The Biggest Barriers to Treatment When You Have a Rare and Chronic Illness
When someone first develops unexplained symptoms and they go to the doctor, they have a battery of tests to find the problem. What happens when all of the tests come back normal and the doctor says you are fine, but deep down you know you aren’t? You will probably start going to doctor after doctor, then specialist after specialist, until you finally have a diagnosis.
After being told what you have is rare and chronic, the search for a treatment begins. All the typical medications and therapies do not work, so then you and your doctor have to think outside the box. Thinking outside the box of typical treatments brings you to the world of experimental treatments, but most insurance companies do not cover these.
This is what brings you to the two biggest barriers in having a rare and chronic illness: money and insurance.
When insurance doesn’t cover experimental treatments or they decide it is not medically necessary, you are forced to either look for something else or pay for it out of pocket. Most people do not have thousands of dollars sitting around just waiting to be spent. Many of these patients and their families end up in medical debt just so they can live a normal life. Parents may spend more than they have because they hate seeing their child hurting and will do anything they can to help
them. The patients may spend money they are unable to earn because their illness deprives them of parts of everyday living such as working.
If I were in charge of insurance companies, I would leave the treatment decision up to the doctor. The doctor knows their patient best, they know patients with the same illness, they know what works, and they know what doesn’t work. Why should an insurance company get to decide what’s best for a person they have never met in their life? Only the doctor knows what is and is not medically necessary. No person should ever have to worry about medical bills and no one should ever have to go into medical debt. What is even worse is when the insurance company covers a treatment once. but they don’t cover it the second time which leaves you in $50,000 in medical debt at 19 years old. That should never happen, but unfortunately, it is all too common today.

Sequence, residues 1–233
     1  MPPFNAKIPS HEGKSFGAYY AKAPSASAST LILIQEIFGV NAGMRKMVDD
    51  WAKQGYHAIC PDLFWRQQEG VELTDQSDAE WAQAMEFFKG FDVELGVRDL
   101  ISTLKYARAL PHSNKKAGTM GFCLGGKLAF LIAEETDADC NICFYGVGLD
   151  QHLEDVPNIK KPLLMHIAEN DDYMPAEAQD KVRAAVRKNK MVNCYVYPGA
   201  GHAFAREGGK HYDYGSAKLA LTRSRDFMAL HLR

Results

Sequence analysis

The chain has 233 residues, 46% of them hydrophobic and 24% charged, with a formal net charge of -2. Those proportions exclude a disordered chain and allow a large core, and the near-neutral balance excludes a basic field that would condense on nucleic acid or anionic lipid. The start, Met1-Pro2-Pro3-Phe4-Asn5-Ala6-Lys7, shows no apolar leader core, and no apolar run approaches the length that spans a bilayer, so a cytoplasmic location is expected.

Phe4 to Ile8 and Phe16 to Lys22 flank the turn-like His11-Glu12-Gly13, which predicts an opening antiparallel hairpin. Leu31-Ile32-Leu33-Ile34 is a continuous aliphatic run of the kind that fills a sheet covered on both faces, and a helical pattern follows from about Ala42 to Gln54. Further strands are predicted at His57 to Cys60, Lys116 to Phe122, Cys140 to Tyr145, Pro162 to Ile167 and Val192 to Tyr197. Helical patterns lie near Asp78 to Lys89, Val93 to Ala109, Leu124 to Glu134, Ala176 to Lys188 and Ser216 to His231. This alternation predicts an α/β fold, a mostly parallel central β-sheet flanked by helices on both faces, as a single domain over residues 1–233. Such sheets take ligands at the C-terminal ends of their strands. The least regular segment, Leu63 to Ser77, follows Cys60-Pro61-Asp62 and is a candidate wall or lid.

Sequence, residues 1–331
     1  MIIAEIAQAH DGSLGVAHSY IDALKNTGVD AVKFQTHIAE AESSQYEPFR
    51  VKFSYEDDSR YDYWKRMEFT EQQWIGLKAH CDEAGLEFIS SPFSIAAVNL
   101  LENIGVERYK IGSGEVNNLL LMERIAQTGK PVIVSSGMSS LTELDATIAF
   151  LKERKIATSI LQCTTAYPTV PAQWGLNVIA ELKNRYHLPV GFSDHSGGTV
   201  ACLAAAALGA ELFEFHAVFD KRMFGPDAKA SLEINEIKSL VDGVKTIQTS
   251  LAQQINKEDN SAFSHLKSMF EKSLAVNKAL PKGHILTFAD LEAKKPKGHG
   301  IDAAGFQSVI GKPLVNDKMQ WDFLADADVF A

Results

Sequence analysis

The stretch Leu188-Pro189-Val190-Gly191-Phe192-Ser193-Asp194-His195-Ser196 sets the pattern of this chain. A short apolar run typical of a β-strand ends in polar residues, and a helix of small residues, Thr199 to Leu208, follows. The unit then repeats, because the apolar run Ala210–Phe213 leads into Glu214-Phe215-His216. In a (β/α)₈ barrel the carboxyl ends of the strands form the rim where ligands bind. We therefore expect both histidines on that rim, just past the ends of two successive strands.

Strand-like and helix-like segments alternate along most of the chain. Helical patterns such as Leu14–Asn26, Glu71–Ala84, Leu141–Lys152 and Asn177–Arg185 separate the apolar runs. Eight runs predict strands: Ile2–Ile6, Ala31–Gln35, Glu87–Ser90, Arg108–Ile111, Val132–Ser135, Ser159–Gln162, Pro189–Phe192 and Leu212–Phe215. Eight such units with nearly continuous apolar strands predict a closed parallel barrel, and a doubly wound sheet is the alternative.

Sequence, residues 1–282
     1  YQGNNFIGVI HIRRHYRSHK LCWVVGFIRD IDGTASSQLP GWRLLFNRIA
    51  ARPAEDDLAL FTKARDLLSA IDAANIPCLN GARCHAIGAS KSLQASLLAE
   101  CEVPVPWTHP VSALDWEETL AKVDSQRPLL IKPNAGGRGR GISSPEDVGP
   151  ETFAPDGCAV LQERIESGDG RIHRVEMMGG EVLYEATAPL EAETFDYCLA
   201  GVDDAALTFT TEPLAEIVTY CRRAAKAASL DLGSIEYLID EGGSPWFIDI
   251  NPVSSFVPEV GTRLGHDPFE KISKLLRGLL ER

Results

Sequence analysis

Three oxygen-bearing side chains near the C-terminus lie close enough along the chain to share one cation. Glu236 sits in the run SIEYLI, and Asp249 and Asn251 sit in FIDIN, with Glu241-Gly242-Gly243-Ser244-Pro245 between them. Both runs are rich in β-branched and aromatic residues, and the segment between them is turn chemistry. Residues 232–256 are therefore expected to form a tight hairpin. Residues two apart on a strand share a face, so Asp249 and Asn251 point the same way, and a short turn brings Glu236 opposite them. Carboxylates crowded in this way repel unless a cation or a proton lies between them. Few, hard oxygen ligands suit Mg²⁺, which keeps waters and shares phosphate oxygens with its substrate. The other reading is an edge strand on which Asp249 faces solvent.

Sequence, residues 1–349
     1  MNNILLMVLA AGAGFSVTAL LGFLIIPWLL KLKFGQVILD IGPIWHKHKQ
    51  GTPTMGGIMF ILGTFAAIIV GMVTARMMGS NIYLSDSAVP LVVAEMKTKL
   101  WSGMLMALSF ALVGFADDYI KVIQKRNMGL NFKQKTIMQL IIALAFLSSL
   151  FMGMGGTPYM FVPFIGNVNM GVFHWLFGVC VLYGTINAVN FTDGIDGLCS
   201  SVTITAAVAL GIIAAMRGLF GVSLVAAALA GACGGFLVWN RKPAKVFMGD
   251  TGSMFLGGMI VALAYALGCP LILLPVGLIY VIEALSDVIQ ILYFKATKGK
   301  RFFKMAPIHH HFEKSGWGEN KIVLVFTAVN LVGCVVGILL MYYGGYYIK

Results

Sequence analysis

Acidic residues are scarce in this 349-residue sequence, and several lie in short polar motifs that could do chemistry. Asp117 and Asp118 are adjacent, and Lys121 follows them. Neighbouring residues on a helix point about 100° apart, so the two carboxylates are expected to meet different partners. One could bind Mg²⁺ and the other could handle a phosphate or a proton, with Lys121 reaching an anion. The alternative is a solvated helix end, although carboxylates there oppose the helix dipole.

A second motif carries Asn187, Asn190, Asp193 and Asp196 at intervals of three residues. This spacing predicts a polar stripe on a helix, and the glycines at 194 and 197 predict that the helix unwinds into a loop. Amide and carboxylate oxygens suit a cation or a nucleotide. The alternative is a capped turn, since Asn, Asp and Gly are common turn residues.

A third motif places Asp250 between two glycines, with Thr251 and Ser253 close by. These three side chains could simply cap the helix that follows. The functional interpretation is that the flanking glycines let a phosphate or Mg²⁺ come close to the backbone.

Maybe someday people will not have to worry about their insurance not covering a treatment because it is experimental or not medically necessary. We know our bodies best and we know what we need. Even if it is experimental, if it works, it should be covered, especially when it has been successful for years. It may be the only treatment that gives someone their life back and have a sense of normalcy.